Newton would really like it if he could stop showing you photos of him going to vet.
But this time, it was for a followup. He spent about a month on a prescription diet from the vet for his urinary tract. He didn’t get any crunchy treats when Pierre did. There were no unauthorized table scraps when he begged. He didn’t even get anything special for Thanksgiving because we didn’t want to risk altering his test results.
Newton is not a fan of the prescription food. He’s a good eater who always finishes his food, and he didn’t finish his meals. So in a way, he was ready for this vet trip, because he was crossing his paws he could go back to a diet he liked more.
When the test results came back, there was some good news and some OK news. The good news was that his urinary crystals were gone.
The OK news is that his urinary pH was 7.5. This is down from the 8.5 reading that he started with in October, so it is progress in the right direction, but it’s nowhere near the 6.0 to 6.5 pH he should have.
I talked to the vet about putting him back on a raw diet, but this time, I was going to not rely on raw produced by anyone but me. That way I could control everything that went into it, all the way down to the water.
Water is Important
I started thinking about our water supply after reading a study by Trupanion pet insurance where they noticed that parts of the country that the Environmental Protection Agency (EPA)says have hard water also had submitted more claims for cats with urinary issues, including urinary crystals like Newton’s.
It turns out that Florida, where we live, is one of the places with hard water and a high number of cases of feline urinary issues.
Most of the water in public water systems here in Florida comes from groundwater in the Floridian aquifer, which runs through the limestone underneath the whole state. Rainwater seeps deep intothe ground through hundreds of feet of sand and rock. While this process filters the water, it also adds small amounts of calcium to the water.
If your house uses water from a water utility company, they probably publish a water quality report annually. The report from our county doesn’t disclose whether your water is soft or hard, but if you call your water company, they will know. A call to the county water utility here found that in our part of our county, the water measures 7.8 grains per gallon or 133.2 ppm.
|Classification||mg/l or ppm||grains/gal|
|Soft||0 – 17.1||0 – 1|
|Slightly hard||17.1 – 60||1 – 3.5|
|Moderately hard||60 – 120||3.5 – 7.0|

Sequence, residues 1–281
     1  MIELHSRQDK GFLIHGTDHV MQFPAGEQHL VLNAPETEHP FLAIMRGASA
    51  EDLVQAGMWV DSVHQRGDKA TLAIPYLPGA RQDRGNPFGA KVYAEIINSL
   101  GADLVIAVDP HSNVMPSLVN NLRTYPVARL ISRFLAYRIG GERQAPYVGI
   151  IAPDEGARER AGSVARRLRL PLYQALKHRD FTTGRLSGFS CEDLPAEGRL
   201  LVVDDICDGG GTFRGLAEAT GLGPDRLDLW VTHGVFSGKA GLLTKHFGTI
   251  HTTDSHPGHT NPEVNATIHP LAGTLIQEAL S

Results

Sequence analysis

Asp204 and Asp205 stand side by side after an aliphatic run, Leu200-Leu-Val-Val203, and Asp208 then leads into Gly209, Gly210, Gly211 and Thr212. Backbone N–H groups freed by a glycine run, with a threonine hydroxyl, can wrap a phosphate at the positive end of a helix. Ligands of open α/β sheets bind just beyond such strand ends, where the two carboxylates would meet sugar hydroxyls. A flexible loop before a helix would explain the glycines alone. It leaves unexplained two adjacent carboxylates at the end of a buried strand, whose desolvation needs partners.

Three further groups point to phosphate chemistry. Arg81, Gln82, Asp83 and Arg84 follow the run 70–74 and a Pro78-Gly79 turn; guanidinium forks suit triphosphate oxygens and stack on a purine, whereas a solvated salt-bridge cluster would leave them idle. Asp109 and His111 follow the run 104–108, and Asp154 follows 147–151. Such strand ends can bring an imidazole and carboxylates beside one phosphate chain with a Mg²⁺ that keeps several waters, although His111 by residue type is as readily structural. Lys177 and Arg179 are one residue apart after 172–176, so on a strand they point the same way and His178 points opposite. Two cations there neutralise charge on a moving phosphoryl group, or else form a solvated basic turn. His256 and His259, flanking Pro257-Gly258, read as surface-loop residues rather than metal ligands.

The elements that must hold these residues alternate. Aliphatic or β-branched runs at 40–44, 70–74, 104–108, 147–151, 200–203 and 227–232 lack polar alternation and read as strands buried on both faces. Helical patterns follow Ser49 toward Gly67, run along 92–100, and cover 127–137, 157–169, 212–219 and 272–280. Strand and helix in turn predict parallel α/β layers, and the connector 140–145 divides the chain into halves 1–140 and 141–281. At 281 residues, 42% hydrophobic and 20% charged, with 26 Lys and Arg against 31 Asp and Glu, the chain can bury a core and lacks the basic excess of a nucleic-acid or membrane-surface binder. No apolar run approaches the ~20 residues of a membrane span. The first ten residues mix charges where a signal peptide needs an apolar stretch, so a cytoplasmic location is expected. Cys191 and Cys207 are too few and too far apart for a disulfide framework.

|Hard||120 – 180||7.0 – 10.5|
|Very Hard||180 & over||10.5 & over|
We have hard water!
The high concentration of calcium and other minerals in hard water acts as a buffer that makes the water more resistant to changing pH. It acts like an invisible sponge in the water, preventing things from happening too fast.
Hard Water and Newton’s pH
This started me wondering what kind of pH Newton was taking in. His food is made primarily of chicken which has a pH of 6.5-6.7. But food is only part of his intake. There’s also water.
I bought some pH test strips (affiliate link) to have a look at the water. If I’m lucky, I’ll be able to test Newton’s urine between vet visits, but even if I can’t, the test strips are really cheap. I tested our tap water, which goes through a filter pitcher before going into the cat fountain and bowls, and I also tested distilled water for comparison.
The results surprised me.
The dark green strip is the one testing the tap water. The pH looks like it is about 8! I had no idea until I did this test and then did research that it isn’t unusual for water in a treated water supply to have a pH between 7 and 8. Harder water usually has high pH, and our water is at the high end of that.
The second strip tested the distilled water, which tested at about 7, which is the expected neutral pH for water.
Water with a high pH and a high calcium load is going to resist changing to a more acid pH. Maybe that’s what is going on with Newton’s urine!
This is all a theory until we try it out on him, of course. But for now, Newton is thrilled to be back eating a raw diet, happily cleaning his bowl at every meal and drinking distilled water. He has another vet visit in his future to see if we have finally figured out how to keep his urinary tract just as happy. We’ll let you know if this finally solved the mystery for him once we have more test results.
References and further reading:
Trupanion Trends: Study finds Link between Pet Health and Drinking Water
United Utilities, The pH of drinking water
Wisconsin Department of Natural Resources, Importance of General Chemistry Relationships in Water Treatment
Hospital for Special Surgery Journal, How Much Calcium Is in Your Drinking Water? A Survey of Calcium Concentrations in Bottled and Tap Water and Their Significance for Medical Treatment and Drug Administration
US Food & Drug Administration, Importance of General Chemistry Relationships in Water Treatment
US Geological Survey, Water Hardness and Alkalinity
Image credit: Public domain image from US Geological Survey
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